Report: Last year, 1 in 5 homeless people in Tulsa had jobs
TULSA, Okla. (AP) — One in five homeless people in Tulsa were employed last year, including almost 100 people who had no home despite having a full-time job, according to a community council study.
Data from the Community Service Council study indicates more than 5,600 people were homeless in 2018, the Tulsa World reported.
“This speaks to the need for affordable housing and livable wages,” said Rhené Ritter, program coordinator for A Way Home for Tulsa, a coalition of organizations working with the homeless. “The current rent cost for a two-bedroom in Tulsa would require an income of $16 an hour.”
The survey found it took homeless people 27 days on average to find somewhere to live, and that 65% were experiencing homelessness for the first time.
The numbers are partially based on an annual “point in time” census, in which officials counted every homeless person they could find at shelters, and on the streets in alleys and underpasses. This year’s survey was taken in late January, when officials tallied 1,188 homeless individuals, a 9.7% rise from the previous year.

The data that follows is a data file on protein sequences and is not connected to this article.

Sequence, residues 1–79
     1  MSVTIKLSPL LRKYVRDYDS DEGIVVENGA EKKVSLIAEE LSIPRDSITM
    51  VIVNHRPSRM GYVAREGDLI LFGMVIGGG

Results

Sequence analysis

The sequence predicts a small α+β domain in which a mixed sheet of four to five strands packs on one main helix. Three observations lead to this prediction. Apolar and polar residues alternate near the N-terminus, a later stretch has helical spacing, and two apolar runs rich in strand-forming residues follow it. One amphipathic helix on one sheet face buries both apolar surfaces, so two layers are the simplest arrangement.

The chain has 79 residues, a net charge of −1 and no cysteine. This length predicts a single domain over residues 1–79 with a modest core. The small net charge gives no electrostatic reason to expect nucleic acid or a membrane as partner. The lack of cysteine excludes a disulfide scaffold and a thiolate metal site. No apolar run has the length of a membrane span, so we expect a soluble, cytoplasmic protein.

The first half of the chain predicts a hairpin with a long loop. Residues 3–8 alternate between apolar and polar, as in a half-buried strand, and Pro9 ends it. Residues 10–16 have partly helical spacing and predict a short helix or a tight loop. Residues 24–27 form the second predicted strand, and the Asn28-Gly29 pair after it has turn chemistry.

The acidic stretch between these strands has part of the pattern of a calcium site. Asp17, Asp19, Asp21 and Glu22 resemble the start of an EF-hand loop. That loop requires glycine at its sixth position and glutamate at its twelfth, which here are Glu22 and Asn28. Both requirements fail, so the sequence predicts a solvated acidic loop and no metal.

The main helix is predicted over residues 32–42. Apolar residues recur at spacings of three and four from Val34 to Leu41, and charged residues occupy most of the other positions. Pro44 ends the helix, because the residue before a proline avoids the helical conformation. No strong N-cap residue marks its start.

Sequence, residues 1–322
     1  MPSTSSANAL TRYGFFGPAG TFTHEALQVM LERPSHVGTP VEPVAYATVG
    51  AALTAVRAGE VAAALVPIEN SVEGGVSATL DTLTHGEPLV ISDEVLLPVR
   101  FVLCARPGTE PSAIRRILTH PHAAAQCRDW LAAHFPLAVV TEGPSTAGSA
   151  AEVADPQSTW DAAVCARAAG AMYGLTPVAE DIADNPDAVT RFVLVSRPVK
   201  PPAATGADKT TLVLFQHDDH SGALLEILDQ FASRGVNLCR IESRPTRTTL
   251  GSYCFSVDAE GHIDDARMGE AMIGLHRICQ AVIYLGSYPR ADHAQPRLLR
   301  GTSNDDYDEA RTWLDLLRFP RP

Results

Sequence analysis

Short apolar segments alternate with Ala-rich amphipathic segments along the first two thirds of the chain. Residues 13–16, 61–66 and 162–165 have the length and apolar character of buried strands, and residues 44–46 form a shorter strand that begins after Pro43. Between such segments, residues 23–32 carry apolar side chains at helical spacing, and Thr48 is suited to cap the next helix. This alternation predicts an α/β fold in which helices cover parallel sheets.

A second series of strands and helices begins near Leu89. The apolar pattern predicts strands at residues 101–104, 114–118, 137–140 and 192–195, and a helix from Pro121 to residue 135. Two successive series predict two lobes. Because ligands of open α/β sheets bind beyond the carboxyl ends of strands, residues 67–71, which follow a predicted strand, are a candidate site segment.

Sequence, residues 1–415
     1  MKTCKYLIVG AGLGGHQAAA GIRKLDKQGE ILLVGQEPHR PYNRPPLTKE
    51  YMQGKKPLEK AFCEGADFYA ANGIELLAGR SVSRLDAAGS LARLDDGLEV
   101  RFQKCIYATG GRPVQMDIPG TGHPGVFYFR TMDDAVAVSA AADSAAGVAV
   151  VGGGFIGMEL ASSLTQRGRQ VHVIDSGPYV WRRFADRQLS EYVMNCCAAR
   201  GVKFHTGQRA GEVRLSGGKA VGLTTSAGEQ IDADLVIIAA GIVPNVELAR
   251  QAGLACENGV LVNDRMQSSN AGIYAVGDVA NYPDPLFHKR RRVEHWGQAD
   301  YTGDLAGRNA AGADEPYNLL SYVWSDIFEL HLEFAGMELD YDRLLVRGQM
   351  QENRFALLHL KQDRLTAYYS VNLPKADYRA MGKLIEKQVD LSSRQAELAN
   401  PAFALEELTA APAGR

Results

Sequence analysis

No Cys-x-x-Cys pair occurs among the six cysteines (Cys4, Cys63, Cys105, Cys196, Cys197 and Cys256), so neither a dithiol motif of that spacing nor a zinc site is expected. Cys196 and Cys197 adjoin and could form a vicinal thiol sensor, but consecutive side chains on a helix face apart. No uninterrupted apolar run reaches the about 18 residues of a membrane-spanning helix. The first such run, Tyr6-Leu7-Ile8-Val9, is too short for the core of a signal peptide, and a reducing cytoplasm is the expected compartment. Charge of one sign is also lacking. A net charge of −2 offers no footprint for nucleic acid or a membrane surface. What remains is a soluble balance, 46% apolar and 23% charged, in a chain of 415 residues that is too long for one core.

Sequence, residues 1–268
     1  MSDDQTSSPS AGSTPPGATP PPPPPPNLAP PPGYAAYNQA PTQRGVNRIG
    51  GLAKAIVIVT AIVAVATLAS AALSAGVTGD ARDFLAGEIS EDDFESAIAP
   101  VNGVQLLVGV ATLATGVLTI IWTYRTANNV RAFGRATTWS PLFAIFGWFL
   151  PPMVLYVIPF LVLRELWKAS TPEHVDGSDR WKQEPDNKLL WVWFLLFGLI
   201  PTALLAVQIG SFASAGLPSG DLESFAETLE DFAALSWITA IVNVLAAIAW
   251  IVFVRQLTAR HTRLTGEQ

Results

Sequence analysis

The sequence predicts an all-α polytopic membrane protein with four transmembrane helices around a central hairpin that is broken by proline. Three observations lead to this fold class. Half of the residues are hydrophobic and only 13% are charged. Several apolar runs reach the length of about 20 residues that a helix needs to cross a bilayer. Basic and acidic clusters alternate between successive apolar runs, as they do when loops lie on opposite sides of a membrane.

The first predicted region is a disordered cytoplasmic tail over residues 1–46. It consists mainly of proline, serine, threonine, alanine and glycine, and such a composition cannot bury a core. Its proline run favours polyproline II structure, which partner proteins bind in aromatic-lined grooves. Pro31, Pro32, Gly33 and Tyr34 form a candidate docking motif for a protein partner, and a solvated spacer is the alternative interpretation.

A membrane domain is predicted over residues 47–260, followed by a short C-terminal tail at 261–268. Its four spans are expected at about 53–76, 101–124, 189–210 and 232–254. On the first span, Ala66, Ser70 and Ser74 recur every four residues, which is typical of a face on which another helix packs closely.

At the time, the city’s homeless population included 659 people in emergency shelters, 225 in temporary housing and 296 on the streets, the Community Service Council’s study revealed. The amount of homeless children more than doubled from 131 in January 2018 to 288 this past January, with 19 children living on the streets.
Officials said the homeless population is continually evolving, as some people secure housing while others lose it. But the general size of Tulsa’s homeless population has remained comparatively steady for several years, Ritter noted. Officials calculated 5,800 homeless individuals in 2017.
“However, we are seeing an increase in the unsheltered population for the second year in a row,” she said, referring to people who live on the streets rather than receiving help from shelters. The number of “unsheltered homeless” increased nearly 31% in Tulsa last year, according to Community Service Council’s statistics.
On the bright side, Ritter added that the quantity of homeless veterans in Tulsa dropped by 16%, mirroring the success of programs that prioritize veterans.
“We’re continuing to build on our partnerships to have similar results across all homeless populations,” she said.
Information from: Tulsa World, http://www.tulsaworld.com